Places of interest in North Yorkshire
Bedale is a thriving Market town in the North of Yorkshire and has a long history dating back to the Roman and early Saxon times. It is situated a mile west of the A1 which runs north to Newcastle and Darlington and south to Leeds and is near to Northallerton and Leyburn.
The town was a thriving Industrial town even before the Industrial Revolution and in the late 1700s the wealth of the town was spent on improving its buildings and facilities. Many of these buildings still stand today.
There are many shops, restaurants, accommodation and pubs that enhance a visit to this area along with the Heritage Trail that enables you to learn the history of the town pointing out the historical landmarks such as Bedale Hall and Leech House along with the railway station that has a signal box that is a grade II listed building.
Boroughbridge is steeped in history which dates back to the early Roman times but mainly the history centres on the coaching era in the 1800s. The first mail-coach passed through Boroughbridge in 1789 with the Crown Hotel being one of the hotels catering for the passenger and horses needs. It is situated between the A1 and the River Ure and is near to Aldborough. It is full of small shops that have not changed over the years but also has a modern shopping mall.
Boroughbridge is famous for having the Devils Arrows, these are said to be heavier than the largest stone in Stonehenge and it is a mystery as to how and why they are there.
Filey is a fishing town on the North East coast of England as well as a traditional English seaside resort. It has a friendly atmosphere and offers a restful getaway holidays and has been known for this since the Victorian days. It is close to Scarborough and Whitby which are north of Filey and Bridlington which is to the south.
Filey stayed a small village until the 1700s when people came to visit for the peace and quiet that the village provided, they would stay in people houses until the early 1800s when Foords Hotel opened.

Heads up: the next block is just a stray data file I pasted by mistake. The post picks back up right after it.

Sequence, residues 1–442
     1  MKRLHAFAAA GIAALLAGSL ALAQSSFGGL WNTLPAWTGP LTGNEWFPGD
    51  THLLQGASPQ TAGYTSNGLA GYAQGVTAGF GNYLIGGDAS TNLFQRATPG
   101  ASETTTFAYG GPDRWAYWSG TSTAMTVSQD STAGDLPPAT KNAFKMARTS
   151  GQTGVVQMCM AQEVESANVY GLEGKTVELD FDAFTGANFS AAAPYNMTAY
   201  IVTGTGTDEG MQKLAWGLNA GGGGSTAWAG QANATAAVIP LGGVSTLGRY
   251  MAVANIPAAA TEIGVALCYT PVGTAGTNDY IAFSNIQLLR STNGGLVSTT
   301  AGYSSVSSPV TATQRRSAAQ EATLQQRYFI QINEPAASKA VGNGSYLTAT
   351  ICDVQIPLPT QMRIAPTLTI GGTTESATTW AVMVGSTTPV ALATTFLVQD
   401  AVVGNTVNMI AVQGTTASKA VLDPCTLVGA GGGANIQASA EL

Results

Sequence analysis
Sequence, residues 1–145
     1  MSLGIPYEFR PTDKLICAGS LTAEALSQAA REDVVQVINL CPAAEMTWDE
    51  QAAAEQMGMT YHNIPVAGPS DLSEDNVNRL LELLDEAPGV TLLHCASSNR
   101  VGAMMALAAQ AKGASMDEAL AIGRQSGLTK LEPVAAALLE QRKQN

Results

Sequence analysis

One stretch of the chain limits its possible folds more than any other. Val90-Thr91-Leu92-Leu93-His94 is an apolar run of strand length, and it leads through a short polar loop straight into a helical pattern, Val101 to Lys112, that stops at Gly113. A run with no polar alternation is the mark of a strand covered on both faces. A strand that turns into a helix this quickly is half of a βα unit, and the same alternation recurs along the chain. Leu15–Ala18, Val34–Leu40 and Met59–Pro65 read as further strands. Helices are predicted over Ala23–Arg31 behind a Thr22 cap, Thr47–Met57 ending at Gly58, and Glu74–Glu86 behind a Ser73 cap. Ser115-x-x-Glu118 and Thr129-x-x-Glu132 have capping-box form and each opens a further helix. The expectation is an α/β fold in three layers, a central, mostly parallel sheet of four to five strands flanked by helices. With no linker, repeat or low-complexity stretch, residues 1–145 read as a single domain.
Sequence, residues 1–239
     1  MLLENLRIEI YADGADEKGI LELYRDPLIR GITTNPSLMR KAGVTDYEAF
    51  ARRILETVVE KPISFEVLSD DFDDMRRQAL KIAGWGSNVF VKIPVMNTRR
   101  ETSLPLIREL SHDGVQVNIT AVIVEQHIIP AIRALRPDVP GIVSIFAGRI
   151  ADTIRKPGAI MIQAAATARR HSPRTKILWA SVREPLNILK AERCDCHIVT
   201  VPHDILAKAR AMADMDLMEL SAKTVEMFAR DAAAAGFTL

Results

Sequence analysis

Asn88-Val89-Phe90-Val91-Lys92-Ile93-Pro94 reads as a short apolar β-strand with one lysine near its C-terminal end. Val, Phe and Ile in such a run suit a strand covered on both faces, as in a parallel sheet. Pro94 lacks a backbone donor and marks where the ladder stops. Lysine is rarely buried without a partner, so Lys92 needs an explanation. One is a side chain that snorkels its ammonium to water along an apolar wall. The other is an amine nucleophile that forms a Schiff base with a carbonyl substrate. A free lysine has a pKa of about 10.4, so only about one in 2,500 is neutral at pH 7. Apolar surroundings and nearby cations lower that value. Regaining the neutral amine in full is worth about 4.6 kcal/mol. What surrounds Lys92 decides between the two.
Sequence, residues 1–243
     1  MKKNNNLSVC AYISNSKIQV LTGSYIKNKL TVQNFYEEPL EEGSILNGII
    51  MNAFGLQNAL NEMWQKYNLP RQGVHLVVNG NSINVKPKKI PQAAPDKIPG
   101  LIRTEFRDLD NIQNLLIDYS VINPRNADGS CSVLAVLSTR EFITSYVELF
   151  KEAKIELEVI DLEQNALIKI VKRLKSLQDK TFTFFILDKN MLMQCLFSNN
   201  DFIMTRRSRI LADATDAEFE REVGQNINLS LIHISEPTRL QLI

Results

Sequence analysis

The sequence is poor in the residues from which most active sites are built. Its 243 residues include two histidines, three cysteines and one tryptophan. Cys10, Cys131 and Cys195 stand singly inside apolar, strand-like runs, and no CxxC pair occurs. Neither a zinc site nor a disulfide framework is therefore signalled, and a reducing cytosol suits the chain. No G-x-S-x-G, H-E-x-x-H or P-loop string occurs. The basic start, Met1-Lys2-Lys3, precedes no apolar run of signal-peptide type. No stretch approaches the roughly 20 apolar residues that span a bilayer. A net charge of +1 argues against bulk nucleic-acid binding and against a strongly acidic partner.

Filey has many fine restaurants, public houses and accommodation facilities for every taste along with many shops, three schools, golf club and of course Filey beach.
Great Ayton is situated south of Middlesborough on the A173 and was once known for its linen making, tanning and brewing but with the mining industries close by. Today most of the residents work outside of the village but there is still the important local industry of farming to be had.
Captain James Cook spent his boyhood here, attending one of the local schools; the house that his family owned was dismantles and shipped to Australia where it stands in Fitzroy Park in Melbourne .
Great Ayton has many pleasant walks and is a good base for the more experienced walker who wishes to explore the North Yorkshire Moors. There are a good range of shops mainly in the High Street along with restaurants, cafes, pubs and a good range of accommodation for visitors. There are tennis courts, a bowling green, a cricket and football field and every year there is a Captain Cook day on the 27 th October and a village fate is held once every two years in June where decorated floats parade through the village between the two greens.
Harrogate is a large town in the North Yorkshire region famous for its spring that was discovered in the 16 th century that is said to have healing properties due to the water processing certain medicinal minerals. A further well was found in 1631 thus began the development of the area making it into a spa town for visitors to come and drink from the waters. Accommodation was built to cater for the visitors along with a theatre, which then attracted the fashionable and the aristocracy. With the rapid increase in the population during the 19 th century a railway station was built which also helped with the transportation of the many visitors.